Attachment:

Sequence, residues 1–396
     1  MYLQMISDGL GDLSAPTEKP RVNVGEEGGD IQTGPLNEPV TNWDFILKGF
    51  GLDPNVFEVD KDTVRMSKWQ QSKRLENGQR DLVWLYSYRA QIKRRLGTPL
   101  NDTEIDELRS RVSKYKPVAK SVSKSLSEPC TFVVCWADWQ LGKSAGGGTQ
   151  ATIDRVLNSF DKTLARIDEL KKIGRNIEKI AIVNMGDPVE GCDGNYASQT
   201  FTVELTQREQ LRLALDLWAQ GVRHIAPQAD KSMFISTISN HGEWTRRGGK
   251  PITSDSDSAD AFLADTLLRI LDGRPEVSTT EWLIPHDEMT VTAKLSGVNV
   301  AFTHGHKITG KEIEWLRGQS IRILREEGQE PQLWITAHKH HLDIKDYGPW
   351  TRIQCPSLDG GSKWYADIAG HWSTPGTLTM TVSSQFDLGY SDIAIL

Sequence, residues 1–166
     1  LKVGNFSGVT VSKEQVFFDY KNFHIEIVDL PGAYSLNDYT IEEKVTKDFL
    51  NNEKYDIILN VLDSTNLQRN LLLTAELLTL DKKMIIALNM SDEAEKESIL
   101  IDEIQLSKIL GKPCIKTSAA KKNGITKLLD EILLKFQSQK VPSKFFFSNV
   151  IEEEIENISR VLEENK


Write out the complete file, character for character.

Sequence, residues 1–396
     1  MYLQMISDGL GDLSAPTEKP RVNVGEEGGD IQTGPLNEPV TNWDFILKGF
    51  GLDPNVFEVD KDTVRMSKWQ QSKRLENGQR DLVWLYSYRA QIKRRLGTPL
   101  NDTEIDELRS RVSKYKPVAK SVSKSLSEPC TFVVCWADWQ LGKSAGGGTQ
   151  ATIDRVLNSF DKTLARIDEL KKIGRNIEKI AIVNMGDPVE GCDGNYASQT
   201  FTVELTQREQ LRLALDLWAQ GVRHIAPQAD KSMFISTISN HGEWTRRGGK
   251  PITSDSDSAD AFLADTLLRI LDGRPEVSTT EWLIPHDEMT VTAKLSGVNV
   301  AFTHGHKITG KEIEWLRGQS IRILREEGQE PQLWITAHKH HLDIKDYGPW
   351  TRIQCPSLDG GSKWYADIAG HWSTPGTLTM TVSSQFDLGY SDIAIL

Sequence, residues 1–166
     1  LKVGNFSGVT VSKEQVFFDY KNFHIEIVDL PGAYSLNDYT IEEKVTKDFL
    51  NNEKYDIILN VLDSTNLQRN LLLTAELLTL DKKMIIALNM SDEAEKESIL
   101  IDEIQLSKIL GKPCIKTSAA KKNGITKLLD EILLKFQSQK VPSKFFFSNV
   151  IEEEIENISR VLEENK